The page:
The 2021 Georg Eckert Institute for International Textbook Research report into Palestinian Authority textbooks is a welcome addition to the corpus of knowledge about the most recent iteration of the Palestinian national curriculum. Commissioned by the European Union, this report identifies many of the same systemic problems that other research institutes have brought to light over the past several years: Palestinian textbooks feature content that promotes the glorification of terrorism and martyrdom, violence, antisemitism and hate. The report, however, fails to provide a complete and accurate picture of the state of the PA curriculum. It exaggerates positive features, minimizes negative aspects, and refrains from drawing meaningful conclusions about self-evident problematic findings. It examines minor aspects of the textbooks without attempting to describe how they fit into the greater narrative of the PA curriculum. Overall, the report does not discuss the likely effect of the curriculum on Palestinian students, nor what type of Palestinian national civil society may emerge as a result. These errors and omissions will leave an unwitting reader with an unrealistic understanding of the PA textbooks, which is unfortunate given the time and effort that went into preparing the report. Complete Review HERE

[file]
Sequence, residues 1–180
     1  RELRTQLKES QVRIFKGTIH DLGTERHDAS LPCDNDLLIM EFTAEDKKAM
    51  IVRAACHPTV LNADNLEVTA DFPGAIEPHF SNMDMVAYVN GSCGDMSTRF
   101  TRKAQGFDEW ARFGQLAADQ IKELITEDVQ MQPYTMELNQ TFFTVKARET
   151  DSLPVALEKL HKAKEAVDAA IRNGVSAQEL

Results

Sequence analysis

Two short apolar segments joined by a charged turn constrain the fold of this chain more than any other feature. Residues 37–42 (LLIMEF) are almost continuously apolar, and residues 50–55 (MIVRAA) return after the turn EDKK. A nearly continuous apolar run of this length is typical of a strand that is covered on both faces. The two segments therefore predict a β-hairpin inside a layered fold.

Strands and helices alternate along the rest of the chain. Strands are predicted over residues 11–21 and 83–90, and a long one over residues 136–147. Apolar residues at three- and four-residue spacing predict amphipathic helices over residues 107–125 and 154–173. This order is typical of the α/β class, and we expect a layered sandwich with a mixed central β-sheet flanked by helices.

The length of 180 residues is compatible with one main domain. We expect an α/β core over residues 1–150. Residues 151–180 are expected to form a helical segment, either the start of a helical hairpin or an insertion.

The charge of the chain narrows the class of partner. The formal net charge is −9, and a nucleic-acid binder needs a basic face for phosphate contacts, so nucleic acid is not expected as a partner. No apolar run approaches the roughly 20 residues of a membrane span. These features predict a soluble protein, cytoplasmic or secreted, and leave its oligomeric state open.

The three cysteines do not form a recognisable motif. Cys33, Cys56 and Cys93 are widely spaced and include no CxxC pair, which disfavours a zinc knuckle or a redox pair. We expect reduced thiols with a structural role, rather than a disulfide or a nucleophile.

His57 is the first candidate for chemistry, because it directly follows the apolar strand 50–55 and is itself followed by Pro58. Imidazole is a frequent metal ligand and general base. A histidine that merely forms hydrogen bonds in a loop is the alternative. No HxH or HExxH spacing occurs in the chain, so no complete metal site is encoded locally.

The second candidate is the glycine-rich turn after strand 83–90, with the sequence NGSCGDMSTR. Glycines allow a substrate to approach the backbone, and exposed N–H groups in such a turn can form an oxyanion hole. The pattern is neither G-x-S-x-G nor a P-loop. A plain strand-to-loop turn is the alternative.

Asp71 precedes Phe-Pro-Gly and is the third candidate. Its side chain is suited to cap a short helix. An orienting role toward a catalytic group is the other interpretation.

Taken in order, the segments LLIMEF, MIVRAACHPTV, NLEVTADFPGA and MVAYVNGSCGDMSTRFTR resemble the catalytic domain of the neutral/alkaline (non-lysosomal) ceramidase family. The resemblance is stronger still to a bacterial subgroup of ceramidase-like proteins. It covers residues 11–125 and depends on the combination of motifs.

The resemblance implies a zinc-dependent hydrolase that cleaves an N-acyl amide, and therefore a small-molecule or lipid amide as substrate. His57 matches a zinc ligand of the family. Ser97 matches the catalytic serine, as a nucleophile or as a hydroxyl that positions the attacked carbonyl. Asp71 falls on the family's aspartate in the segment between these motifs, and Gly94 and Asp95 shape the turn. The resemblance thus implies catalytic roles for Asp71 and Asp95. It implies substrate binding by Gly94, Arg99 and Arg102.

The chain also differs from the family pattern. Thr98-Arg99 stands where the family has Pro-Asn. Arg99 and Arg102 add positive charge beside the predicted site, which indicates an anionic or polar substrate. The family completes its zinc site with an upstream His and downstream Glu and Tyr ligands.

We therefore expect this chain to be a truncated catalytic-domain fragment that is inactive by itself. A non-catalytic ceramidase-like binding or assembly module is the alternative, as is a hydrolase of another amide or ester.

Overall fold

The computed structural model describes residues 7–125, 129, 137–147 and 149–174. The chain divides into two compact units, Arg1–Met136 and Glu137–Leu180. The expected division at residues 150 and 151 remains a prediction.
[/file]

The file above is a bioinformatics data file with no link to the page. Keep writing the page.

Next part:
BESA_Mideast Shapes_Doha Schoolchildren-Attend Exhibition (Vinod-Divakaran)

Through Education Middle East Powers Vie to Shape the Next Generation of Muslims

Education is emerging as a major flashpoint in competing visions of a future Muslim world. Rival concepts being instilled in the next generation are likely to shape what amounts to a battle for the soul of Islam. Reports published earlier this year by the Israel-based Institute for Monitoring Peace and Cultural Tolerance in School Education (IMPACT-SE) chart a notable divergence in educational approaches across the Muslim world. At one end of the spectrum are Pakistan and Turkey, two of the more populous Muslim countries. Their claim to leadership of the Muslim world is rooted in conservative if not ultra-conservative interpretations of Islam that increasingly shape their education systems. Saudi Arabia and the UAE reside at the other end of the spectrum with their reduced emphasis on religion in education and emphasis on science as well as religious tolerance and interfaith dialogue. Straddling the two approaches is Qatar, the world’s only other Wahhabi state alongside Saudi Arabia—even if it adhered to a more liberal interpretation long before the rise of Saudi Crown Prince Muhammad bin Salman.  Complete Article HERE